College Students’ Sense Of Cycling Capability Deters Helmet Use: Implications For Safety Helmet Ordinances

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Ronald E. Cossman
Ronald D. Williams Jr
Barry P. Hunt
Catherine Ali Fratesi
Sarah Beth Slinkard
Timothy F. Day


Bicycle Helmets, Helmet Ordinances, Safety Education, College Student Health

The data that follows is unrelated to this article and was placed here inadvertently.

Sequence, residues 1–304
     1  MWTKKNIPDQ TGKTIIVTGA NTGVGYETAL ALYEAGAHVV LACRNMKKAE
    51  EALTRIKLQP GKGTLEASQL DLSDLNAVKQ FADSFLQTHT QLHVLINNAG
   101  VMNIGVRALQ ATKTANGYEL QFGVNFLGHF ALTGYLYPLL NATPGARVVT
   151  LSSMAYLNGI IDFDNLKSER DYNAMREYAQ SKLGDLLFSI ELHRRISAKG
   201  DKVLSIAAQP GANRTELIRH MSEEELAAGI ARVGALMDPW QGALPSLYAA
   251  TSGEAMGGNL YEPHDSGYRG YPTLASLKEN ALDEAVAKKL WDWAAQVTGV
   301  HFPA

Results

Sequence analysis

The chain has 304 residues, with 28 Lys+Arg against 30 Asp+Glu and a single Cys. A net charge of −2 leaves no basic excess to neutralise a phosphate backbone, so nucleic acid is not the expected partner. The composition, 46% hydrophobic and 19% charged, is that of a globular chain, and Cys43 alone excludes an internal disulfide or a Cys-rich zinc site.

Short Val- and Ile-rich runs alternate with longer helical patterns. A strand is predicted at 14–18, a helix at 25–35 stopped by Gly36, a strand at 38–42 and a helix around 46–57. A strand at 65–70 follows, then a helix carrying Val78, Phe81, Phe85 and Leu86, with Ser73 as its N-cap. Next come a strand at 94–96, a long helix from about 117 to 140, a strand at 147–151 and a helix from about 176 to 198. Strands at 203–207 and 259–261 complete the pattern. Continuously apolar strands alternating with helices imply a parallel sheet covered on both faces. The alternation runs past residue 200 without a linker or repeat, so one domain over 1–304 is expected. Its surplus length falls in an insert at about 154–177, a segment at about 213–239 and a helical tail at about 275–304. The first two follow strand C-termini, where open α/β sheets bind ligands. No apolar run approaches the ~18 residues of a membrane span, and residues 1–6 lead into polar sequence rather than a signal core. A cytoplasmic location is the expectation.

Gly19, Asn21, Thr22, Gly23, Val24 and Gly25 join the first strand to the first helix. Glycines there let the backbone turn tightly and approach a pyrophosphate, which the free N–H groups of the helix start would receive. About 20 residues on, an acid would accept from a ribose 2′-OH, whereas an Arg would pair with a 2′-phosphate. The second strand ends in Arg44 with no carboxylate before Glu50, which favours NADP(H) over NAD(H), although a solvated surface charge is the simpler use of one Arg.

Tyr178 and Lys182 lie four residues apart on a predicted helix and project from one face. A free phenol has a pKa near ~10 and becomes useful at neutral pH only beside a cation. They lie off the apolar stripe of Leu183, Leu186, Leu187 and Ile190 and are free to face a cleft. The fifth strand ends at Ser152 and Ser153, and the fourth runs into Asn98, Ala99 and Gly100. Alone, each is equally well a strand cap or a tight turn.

Proponents frequently cite increased injury protection as a reason for supporting bicycle helmet ordinances; yet, many cyclists oppose such policies. In this study, six focus groups of college students discussed cycling behaviors and attitudes toward using bicycle safety helmets, and perceptions of the local helmet ordinance. The usual concerns were voiced such as “inconvenience” and “helmet hair”. Participants reported very high confidence in their cycling ability and their ability to avoid a crash which might require a helmet. They failed to take into account external factors or the actions of others which may increase risk for injury. They also did not understand how health insurance spreads the financial risk for traumatic events. These findings have implications for designing education campaigns to promote college student health, as well as initiatives for helmet ordinance advocacy. 


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